It actually depends on your definition of an ‘anime fan’. if you went with the simplest solution – fan being ‘fanatic’, then perhaps Yii would be an anime fan, no doubt. But the implications of this means that in order to be an anime fan, you have to had been into it for a long period of time as well as spend lots of time in other factions of the hobby itself.

    Diversity: I don’t really see how this is exactly a quantifier for whether someone likes anime or not. (liking anime -> fan, 2nd definition). if someone only watches Yuri anime, but is very passionate about it, is he/her not an anime fan? Logically it seems thus impossible to fit what defines a fan into 4 sets of criteria.

    If one considers oneself a fan of anime, do we have any right to stop him/her from doing so? Not really. ‘True’ fandom is something that’s very loosely defined and differs from person to person. Some may think just having one episode a week makes them a fan. Some may think it needs to be part of their daily schedule in order for them to truly be a fan. Some find the need to express themselves in other avenues such as blog. There really isn’t a standard definition for fandom.

    Also, you can be an anime fan and not be completely independent. Some people are just like that. They like watching anime with others, like my cousins who like to watch anime in their entire family. It’s part of their family life. Can I call them out for being fake fans just because they prefer watching with others instead of watching along? Logically it seems like a hasty generalization to say that only people who are independent are true fans.

    Scenario 5 is a bit extreme though. I’m quite sure eye cancer isn’t a joke or a method to judge one’s liking for anime, which has been stopped due to unfortunate circumstance. It’s true that it’s a limitation but the way in which it is described isn’t exactly fitting. But you may not think so: you may think it is an apt example, a straightforward example, or even a humorous example.

    This is yet another illustration of the central problem: attempting to come up with a one-size-fit-all definition of the anime fan. The same problems popped up during the Otaku Elimination Game where they eventually dropped the game entirely when they realized they couldn’t judge what was ‘otaku’ and what was not merely by reading websites. Same thing here. People will definitely have their own definitions as to what constitutes a true anime fan, and I suppose it isn’t too much of a problem that we need to address.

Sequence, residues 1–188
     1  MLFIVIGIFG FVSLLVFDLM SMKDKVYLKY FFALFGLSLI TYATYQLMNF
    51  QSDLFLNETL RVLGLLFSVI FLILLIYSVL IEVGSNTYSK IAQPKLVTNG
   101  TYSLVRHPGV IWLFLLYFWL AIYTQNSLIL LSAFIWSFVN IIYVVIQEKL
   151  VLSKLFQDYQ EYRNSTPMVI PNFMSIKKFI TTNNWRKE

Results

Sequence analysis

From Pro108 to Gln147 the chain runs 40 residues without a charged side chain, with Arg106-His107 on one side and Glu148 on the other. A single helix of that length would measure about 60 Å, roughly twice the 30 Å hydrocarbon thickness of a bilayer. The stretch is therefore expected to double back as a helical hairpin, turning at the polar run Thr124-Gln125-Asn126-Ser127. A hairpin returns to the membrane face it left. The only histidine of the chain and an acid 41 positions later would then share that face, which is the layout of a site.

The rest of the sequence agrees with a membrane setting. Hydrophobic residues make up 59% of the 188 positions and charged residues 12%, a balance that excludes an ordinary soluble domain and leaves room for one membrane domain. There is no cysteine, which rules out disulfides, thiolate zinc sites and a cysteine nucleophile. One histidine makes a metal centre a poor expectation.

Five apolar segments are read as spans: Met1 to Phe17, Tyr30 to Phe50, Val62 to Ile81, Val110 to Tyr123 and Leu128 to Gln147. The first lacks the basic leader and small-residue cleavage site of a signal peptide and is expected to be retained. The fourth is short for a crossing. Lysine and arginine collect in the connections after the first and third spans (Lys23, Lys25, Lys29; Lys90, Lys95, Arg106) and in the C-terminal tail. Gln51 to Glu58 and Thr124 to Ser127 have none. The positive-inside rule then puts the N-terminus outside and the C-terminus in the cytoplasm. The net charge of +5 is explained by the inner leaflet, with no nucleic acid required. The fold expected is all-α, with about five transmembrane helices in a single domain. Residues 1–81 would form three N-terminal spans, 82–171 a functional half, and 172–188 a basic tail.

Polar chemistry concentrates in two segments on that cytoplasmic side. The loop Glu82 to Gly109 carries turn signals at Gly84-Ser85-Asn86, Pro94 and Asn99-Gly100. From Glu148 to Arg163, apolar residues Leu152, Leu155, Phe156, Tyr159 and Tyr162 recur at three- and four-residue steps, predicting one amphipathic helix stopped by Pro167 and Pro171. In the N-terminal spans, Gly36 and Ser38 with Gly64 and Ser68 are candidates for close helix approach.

• Thank you for your time and comment! ^_^
      I am somewhat taken aback by the seriousness in your response. First of all, I feel sorry about referring to Baka-rapper that way and I’ve made some change to the 5th scenario to make it more appropriate. Similar to Schneider’s comment, the main point of your comment was the lack of purpose in applying the rigid criteria upon people which was very true. I tried to ask myself if I would use the criteria seriously, my answer was no. Though I sometimes passed the judgement on other people in my own mind using similar indices, substantiating these indices into established criteria was not practical. And even if the person is not actually anime fan of the similar nature as mine, will I dismiss him and stop being friend? Of course, that’s not the case.

      After contemplating on the reason I wrote this post, I’d say it’s just an observation by me and I presented it in somewhat unconventional way.

      Oh, I have completely forgotten about the OEG. I remembered that back then, I was briefly interested by that game. Come to think of it, when the game was on, I refused to call myself otaku and still do. Your analogy was quite spot-on. I’m glad I asked or your opinion.

  19. I like your criteria, but I had some problems with Baka-rapper’s case, because I can sort of relate to. Not that I had an injury, but for a couple of years I had no access to internet or new anime material, so all I could do was read manga and dream of the day when I could watch all the anime I wanted again (of course that day came and now I’m a sane person who watches anime on a daily basis ^_^ ) but though I had some hard times, I still considered myself an anime fan. Also, nice blog, it’s the first time I see it :)

    • Thank you for sharing your experience! Something like yours is what I could not clearly think of when I was writing this post by myself so your comment is very welcomed. Undoubtedly, your case represents the big flaw of this criteria; inability to capture temporal dynamic of fandom and inability to display inner passion. No one would question your passion and no one could. ^_^

  20. I fall under the possible or probable fandom categories. Mainly it is because I am not very independent in selecting titles. I don’t have a lot of free time so have to divide it among my (perhaps too many) hobbies. So, often I look at what anime people with similar interests as mine enjoy.

    I also suffer from periodic anime burn out. In fact, I am heading for another period soon since my interest in waning. But then, it isn’t anime so much as watching movies/television that burns me out. I find it difficult to stay interested in television and movies lately when I could be reading, programming, drawing, painting, or otherwise doing something more interactive and “constructive.”

    • Thank you for sharing your story!
      This is really interesting. Based on your description, you are probably anime fan when evaluated by an observer using the criteria. But do you think of yourself as anime fan before reading this post?